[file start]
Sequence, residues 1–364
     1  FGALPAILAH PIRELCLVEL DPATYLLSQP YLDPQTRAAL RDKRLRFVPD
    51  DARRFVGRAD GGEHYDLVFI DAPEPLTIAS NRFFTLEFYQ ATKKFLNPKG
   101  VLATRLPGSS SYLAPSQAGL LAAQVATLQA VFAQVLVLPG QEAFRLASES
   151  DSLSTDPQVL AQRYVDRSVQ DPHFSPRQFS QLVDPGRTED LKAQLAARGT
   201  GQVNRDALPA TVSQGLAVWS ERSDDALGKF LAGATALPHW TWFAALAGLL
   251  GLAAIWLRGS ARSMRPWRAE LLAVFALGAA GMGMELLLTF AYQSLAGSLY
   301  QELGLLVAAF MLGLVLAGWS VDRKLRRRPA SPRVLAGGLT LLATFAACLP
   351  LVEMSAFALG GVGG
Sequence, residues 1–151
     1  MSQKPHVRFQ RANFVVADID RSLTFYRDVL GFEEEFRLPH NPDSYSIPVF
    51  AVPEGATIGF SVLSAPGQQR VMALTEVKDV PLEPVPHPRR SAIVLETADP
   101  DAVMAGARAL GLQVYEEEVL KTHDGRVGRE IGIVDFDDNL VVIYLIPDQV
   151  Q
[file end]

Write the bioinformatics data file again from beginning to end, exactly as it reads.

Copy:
Sequence, residues 1–364
     1  FGALPAILAH PIRELCLVEL DPATYLLSQP YLDPQTRAAL RDKRLRFVPD
    51  DARRFVGRAD GGEHYDLVFI DAPEPLTIAS NRFFTLEFYQ ATKKFLNPKG
   101  VLATRLPGSS SYLAPSQAGL LAAQVATLQA VFAQVLVLPG QEAFRLASES
   151  DSLSTDPQVL AQRYVDRSVQ DPHFSPRQFS QLVDPGRTED LKAQLAARGT
   201  GQVNRDALPA TVSQGLAVWS ERSDDALGKF LAGATALPHW TWFAALAGLL
   251  GLAAIWLRGS ARSMRPWRAE LLAVFALGAA GMGMELLLTF AYQSLAGSLY
   301  QELGLLVAAF MLGLVLAGWS VDRKLRRRPA SPRVLAGGLT LLATFAACLP
   351  LVEMSAFALG GVGG
Sequence, residues 1–151
     1  MSQKPHVRFQ RANFVVADID RSLTFYRDVL GFEEEFRLPH NPDSYSIPVF
    51  AVPEGATIGF SVLSAPGQQR VMALTEVKDV PLEPVPHPRR SAIVLETADP
   101  DAVMAGARAL GLQVYEEEVL KTHDGRVGRE IGIVDFDDNL VVIYLIPDQV
   151  Q